State ACO Pilot Initiatives [e.g., Employee Retirement System (ERS)/Teachers Retirement System (TRS)] Spending Benchmarks. Any ACO spending benchmarks established under a state ACO pilot initiative should be adjusted for differences in geographic practice costs and risk adjusted for individual patient risk factors.

The ACO spending benchmarks must be risk adjusted to incentivize physicians with sicker patients to participate in ACOs and incentivize ACOs to accept and treat sicker patients, such as the chronically ill. The use of standardized mechanisms across different types of ACOs will minimize the administrative complexity and costs of physicians participating in an ACO and make it easier to analyze ACO performance across multiple populations.

The ACO benchmark should be risk adjusted for the socioeconomic and health status of the patients that are covered by the ERS/TRS ACO, such as income/poverty level, insurance status prior to ERS/TRS enrollment or ACO assignment, race and ethnicity, and health status. Studies show that patients without health coverage have experienced barriers to care and are more costly and difficult to treat once they do have coverage due to pent up demand.

The ACO benchmark must be adjusted for differences in geographic practice costs, such as physician office expenses related to rent, wages paid to office staff and nurses, hospital operating factors (i.e., hospital wage index) and physician HIT costs.

The ACO benchmark should include a reasonable spending growth rate based on the growth in physician and hospital practice expenses as well as the patient socioeconomic and health status factors.

If ERS tests the ACO concept, the state should seek input from practicing physicians and providers on the pilot’s design, including the pilot’s quality and financial benchmarks, the mechanisms for collecting and reporting data, and how data will be shared with ACO physician participants, patients, and the public. Any ACO pilot tested in the ERS system must be of sufficient length to ensure valid and reliable evaluation of the pilot’s impact on health outcomes and spending.

There shall be a determination that access to care is not compromised in fragile medical environments (e.g., inner city, rural settings).

Financial Incentives.

Public and private payers who partner with ACOs must invest sufficient resources to monitor and evaluate the ACO’s compliance with financial and quality benchmarks, including mechanisms to ensure the entity is not withholding medically necessary care to achieve financial gain.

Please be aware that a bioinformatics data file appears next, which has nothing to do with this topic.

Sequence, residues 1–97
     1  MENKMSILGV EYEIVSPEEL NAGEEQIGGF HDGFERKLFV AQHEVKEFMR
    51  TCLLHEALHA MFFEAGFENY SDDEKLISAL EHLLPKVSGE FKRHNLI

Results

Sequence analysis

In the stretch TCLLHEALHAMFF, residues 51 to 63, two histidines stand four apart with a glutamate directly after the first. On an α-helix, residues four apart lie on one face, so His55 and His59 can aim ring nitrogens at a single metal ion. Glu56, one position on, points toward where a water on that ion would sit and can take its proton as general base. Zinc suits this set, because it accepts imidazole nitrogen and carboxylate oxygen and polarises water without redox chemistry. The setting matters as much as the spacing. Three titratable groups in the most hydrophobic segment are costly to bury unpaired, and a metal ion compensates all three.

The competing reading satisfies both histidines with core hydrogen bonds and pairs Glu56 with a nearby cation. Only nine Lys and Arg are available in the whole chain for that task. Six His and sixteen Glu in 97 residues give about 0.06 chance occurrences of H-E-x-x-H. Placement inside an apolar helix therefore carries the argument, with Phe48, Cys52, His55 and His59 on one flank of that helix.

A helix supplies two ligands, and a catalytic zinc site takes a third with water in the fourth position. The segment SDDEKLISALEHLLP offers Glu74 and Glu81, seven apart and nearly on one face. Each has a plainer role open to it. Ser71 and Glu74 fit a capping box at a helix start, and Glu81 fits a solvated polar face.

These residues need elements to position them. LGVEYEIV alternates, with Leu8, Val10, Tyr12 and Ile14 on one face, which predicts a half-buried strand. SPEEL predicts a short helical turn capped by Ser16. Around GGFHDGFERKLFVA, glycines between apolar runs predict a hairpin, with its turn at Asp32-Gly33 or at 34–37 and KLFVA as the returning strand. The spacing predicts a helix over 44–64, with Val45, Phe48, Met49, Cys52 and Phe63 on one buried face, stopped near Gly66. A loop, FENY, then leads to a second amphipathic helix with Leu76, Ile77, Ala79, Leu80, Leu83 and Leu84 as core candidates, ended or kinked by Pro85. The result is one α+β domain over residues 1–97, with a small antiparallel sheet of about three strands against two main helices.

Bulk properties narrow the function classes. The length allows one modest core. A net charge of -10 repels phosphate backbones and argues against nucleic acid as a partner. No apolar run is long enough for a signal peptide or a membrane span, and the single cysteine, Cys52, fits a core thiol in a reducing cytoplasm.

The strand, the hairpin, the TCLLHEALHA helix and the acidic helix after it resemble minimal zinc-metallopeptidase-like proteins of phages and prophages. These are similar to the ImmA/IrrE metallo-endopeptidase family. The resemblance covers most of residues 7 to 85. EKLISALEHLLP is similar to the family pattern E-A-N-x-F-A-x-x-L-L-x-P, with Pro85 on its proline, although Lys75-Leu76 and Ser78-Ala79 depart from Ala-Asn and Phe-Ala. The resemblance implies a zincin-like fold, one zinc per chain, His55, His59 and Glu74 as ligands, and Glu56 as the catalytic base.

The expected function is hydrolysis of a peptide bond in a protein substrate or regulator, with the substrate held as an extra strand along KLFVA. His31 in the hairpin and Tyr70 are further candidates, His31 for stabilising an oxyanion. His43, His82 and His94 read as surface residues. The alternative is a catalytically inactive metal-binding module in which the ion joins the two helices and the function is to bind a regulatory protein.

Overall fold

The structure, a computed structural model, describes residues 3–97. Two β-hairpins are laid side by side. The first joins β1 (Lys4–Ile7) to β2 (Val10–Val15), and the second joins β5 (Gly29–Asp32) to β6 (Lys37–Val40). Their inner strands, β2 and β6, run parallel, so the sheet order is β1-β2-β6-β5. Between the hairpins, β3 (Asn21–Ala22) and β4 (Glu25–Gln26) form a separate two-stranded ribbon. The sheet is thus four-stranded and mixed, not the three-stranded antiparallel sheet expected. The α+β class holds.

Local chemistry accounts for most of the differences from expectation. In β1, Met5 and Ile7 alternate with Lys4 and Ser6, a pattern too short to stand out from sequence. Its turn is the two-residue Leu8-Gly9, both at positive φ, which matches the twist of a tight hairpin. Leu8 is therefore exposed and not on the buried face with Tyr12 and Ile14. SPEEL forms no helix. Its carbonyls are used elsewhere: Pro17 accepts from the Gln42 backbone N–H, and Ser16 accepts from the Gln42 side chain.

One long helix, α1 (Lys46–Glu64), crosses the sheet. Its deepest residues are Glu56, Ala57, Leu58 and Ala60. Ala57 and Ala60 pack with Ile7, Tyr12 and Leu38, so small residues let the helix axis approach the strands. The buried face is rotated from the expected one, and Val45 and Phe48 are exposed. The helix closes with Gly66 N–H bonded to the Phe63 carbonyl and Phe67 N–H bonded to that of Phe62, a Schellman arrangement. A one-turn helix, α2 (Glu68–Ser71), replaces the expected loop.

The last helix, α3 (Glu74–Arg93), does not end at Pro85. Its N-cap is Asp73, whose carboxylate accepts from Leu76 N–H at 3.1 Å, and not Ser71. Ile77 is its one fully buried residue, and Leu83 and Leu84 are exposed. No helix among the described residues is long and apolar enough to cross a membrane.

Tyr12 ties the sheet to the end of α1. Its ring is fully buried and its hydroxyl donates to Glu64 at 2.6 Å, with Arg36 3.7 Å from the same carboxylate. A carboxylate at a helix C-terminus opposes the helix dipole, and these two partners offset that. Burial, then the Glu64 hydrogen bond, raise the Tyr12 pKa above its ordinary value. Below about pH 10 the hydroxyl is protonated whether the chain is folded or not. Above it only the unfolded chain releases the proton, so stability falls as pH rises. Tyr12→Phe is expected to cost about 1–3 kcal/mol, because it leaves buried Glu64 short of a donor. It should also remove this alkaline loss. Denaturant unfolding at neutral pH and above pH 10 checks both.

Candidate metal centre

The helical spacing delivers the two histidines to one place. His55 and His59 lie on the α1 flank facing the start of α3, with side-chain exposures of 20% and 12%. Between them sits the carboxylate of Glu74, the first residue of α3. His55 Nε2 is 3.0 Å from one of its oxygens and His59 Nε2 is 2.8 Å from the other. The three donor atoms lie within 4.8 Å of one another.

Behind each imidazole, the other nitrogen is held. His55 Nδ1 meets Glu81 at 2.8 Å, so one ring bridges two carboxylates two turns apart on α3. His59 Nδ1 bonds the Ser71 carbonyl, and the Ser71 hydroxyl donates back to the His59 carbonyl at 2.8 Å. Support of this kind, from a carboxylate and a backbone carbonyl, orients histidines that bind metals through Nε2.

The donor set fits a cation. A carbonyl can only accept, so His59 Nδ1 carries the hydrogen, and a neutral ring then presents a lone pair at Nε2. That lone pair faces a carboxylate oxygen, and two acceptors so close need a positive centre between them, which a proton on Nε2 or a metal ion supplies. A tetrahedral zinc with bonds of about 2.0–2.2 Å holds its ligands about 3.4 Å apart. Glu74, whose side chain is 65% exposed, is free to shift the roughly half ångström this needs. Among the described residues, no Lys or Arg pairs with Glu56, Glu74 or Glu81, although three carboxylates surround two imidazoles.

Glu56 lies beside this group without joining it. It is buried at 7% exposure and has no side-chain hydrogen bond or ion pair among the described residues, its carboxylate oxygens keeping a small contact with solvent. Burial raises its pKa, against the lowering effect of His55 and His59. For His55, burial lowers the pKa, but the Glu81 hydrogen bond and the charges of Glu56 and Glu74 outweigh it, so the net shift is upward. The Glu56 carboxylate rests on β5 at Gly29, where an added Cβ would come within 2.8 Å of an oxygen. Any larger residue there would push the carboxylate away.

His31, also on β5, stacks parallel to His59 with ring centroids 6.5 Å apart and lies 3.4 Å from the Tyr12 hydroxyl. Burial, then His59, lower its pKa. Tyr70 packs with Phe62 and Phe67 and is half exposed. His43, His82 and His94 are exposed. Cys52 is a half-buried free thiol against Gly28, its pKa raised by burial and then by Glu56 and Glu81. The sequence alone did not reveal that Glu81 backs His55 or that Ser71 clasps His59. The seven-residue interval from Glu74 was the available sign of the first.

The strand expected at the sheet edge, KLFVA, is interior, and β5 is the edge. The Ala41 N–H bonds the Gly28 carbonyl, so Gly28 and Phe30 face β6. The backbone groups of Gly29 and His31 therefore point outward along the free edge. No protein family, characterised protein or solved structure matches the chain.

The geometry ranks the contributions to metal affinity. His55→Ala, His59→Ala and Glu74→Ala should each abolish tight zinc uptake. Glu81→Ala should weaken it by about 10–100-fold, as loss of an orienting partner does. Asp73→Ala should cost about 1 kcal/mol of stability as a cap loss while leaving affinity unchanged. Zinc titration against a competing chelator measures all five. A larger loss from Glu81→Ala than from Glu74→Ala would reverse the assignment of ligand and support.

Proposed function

ACOs should have the flexibility to use a variety of payment methods alone or simultaneously, including fee-for-service, care management fees, shared savings, partial capitation, or global capitation.

ACOs must have the flexibility to develop a mix of financial and other incentives designed to foster safe, high quality and cost-effective patient care. However, to ensure that incentives are fair and reasonable, and not intended to promote the inappropriate denial of medically necessary care or unfair restraint of trade, the ACO’s local physician governing board shall develop and oversee the incentive structure. Further, the ACO shall publicly disclose the types of incentives to avoid appearance of impropriety.

As ACOs gain expertise in patient care management and become more cost-effective, there will be a diminishing rate of achievable savings over time. Financial incentives must be designed to recognize that successful ACOs will eventually achieve efficiencies that will not offer ever increasing savings. To impose penalties where there is little or no opportunity to increase savings may create an improper incentive that may adversely affect patient care. To that end, and to ensure an ACO maintains a patient-centered focus, ACOs that perform at or below a national or state spending benchmark should continue to be rewarded for maintaining cost-effective, high quality care.

There shall be a determination that access to care is not compromised in fragile medical environments (e.g., inner city, rural settings).

Transparency. ACOs should be required to annually disclose administrative expenditures as well as the organization’s aggregate payments to physicians and providers (to permit comparison of payments to physicians versus facilities).

HIT. Health information technology, including use of interoperable electronic medical records, is a desirable feature of an ACO but should not be a required element. (CSE Rep. 6-A-11).

Last Updated On

October 07, 2016